Providing an array of resources and services to help homeless youth on their journey to self-sufficiency, Covey Academy connects young people with housing, job training and community support. But Covey Academy isn’t your average transitional-living facility—in addition to 19 onsite housing units, the facility offers vocational training in a variety of industries, including heavy-equipment operation, the culinary arts, and administrative and support services.
A program of Covenant House Alaska (CHA), Covey Academy opened in summer 2022. Partner organizations—such as the Alaska Department of Labor and Workforce Development, Anchorage School District and Nine Star Education and Employment Services— have offices in the building. The goal is to prevent and alleviate homelessness through housing and job training, and foster independence in residents while keeping them connected with services.
Capital for Covey Academy was provided by Cook Inlet Housing Authority (CIHA) through CIRI’s allocation of 2021 Coronavirus Aid, Relief and Economic Security (CARES) Act funds.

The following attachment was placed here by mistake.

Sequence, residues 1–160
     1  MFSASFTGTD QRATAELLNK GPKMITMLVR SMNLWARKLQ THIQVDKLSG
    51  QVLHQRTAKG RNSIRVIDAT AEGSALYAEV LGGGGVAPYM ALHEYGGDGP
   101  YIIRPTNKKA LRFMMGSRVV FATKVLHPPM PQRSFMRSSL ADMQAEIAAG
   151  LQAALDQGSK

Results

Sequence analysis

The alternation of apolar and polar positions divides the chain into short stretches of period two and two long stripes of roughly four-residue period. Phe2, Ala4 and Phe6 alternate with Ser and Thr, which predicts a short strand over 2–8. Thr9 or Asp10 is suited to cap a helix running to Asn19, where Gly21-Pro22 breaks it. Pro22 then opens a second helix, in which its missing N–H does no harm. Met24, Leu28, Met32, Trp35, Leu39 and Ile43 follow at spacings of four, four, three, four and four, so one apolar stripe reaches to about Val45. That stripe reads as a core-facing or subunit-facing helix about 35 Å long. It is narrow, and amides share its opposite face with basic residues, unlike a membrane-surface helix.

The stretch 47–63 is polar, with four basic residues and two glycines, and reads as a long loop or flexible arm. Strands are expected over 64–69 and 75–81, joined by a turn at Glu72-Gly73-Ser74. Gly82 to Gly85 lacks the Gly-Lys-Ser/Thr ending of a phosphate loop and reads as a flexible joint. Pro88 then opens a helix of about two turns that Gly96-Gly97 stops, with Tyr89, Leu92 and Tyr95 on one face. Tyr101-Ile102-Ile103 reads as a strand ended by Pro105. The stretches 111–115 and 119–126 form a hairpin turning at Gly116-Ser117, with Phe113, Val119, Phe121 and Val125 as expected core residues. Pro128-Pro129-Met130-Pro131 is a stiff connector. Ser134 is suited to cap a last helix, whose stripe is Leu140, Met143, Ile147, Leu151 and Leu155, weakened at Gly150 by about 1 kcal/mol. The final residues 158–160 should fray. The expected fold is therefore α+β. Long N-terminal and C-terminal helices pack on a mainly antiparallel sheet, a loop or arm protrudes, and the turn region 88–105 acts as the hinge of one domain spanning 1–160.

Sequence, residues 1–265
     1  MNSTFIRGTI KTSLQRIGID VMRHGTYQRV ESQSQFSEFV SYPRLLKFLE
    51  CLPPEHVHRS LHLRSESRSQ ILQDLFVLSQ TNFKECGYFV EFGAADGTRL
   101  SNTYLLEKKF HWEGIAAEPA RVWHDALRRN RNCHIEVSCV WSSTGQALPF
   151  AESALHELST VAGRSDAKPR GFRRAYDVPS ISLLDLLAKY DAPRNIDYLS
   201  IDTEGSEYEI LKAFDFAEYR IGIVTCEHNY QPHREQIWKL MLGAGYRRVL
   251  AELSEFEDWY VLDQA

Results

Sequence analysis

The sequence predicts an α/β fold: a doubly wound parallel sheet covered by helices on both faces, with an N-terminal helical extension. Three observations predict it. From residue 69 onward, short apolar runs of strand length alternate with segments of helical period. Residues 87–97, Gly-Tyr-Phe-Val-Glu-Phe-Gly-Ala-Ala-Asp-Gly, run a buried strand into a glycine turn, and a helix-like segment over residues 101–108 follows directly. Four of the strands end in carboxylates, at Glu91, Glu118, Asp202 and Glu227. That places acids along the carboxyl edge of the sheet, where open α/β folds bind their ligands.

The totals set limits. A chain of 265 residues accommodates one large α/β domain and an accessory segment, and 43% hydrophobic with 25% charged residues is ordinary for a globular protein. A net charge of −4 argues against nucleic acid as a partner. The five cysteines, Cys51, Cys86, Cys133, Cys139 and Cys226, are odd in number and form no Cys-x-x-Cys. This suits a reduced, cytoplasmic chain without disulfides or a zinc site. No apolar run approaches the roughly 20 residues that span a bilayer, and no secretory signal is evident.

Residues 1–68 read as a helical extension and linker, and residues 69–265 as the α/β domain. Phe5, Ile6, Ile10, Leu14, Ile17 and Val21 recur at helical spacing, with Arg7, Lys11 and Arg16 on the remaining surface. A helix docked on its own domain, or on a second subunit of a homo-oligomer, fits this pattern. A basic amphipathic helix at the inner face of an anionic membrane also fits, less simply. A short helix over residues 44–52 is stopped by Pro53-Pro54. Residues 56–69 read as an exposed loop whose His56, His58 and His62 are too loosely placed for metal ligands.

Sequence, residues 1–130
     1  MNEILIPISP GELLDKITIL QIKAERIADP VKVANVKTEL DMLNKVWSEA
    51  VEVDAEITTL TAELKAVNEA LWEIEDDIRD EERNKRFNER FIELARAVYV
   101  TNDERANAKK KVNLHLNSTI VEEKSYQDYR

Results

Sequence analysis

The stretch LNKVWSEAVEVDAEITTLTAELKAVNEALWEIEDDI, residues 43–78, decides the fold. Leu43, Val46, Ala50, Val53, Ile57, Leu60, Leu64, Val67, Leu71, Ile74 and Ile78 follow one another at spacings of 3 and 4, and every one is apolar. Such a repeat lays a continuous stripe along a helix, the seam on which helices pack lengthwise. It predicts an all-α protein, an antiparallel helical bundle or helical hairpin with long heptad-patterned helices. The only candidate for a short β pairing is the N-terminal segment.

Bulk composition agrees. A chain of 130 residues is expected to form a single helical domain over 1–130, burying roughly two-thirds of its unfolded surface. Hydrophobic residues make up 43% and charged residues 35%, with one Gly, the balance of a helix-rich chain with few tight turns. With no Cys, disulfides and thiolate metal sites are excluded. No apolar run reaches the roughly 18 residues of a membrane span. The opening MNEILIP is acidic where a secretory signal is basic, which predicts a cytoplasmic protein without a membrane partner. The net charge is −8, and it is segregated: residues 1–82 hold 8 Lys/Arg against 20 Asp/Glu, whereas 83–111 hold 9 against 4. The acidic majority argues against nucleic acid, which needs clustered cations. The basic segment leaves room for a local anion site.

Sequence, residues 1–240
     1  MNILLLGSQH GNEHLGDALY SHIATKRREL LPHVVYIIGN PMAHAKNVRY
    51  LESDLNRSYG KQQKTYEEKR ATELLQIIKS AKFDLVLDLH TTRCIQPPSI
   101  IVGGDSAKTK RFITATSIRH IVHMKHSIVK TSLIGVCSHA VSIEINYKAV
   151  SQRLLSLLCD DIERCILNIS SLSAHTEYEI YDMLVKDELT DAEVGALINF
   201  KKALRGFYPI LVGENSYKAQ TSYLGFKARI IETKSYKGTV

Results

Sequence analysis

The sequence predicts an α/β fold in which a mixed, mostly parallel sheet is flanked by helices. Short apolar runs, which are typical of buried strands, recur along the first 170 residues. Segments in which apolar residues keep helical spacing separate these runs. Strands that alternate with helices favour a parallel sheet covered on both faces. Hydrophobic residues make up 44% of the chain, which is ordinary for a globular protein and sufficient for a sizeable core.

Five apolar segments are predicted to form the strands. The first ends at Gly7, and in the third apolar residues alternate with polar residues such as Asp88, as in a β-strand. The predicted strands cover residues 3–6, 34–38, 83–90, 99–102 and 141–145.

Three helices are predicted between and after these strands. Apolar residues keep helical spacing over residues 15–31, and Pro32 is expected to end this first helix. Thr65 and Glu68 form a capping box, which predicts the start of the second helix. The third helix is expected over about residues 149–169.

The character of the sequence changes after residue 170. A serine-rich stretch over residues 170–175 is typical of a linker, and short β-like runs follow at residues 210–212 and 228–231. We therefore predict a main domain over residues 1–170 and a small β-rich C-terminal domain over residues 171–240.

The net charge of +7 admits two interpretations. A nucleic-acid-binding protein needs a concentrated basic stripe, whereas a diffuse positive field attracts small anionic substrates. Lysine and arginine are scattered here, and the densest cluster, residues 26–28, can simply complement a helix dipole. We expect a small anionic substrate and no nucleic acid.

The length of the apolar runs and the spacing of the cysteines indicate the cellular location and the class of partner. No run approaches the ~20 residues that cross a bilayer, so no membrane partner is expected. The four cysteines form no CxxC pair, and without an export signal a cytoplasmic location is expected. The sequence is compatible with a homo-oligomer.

Forty-one percent of CHA’s youth clients identify as Alaska Native/American Indian. CHA partners with various Alaska Native organizations, including The CIRI Foundation and Cook Inlet Tribal Council, to ensure its programs are culturally appropriate.
“I recently toured Covey Academy and was impressed not only by the facilities themselves, but by the commitment of the staff and residents,” said CIRI President and CEO Sophie Minich. “At the ribbon-cutting ceremony in June, the president of Covenant House International described Covey Academy as ‘flight school, where young people learn they can soar.’ This is a place designed to give young people the skills and support to move toward independence and life as a healthy, productive adult. I am pleased CIRI was able to support the project through our allocation of CARES Act funds and grateful to CHA and CIHA for their vision and execution.”
For more information, visit covenanthouseak.org.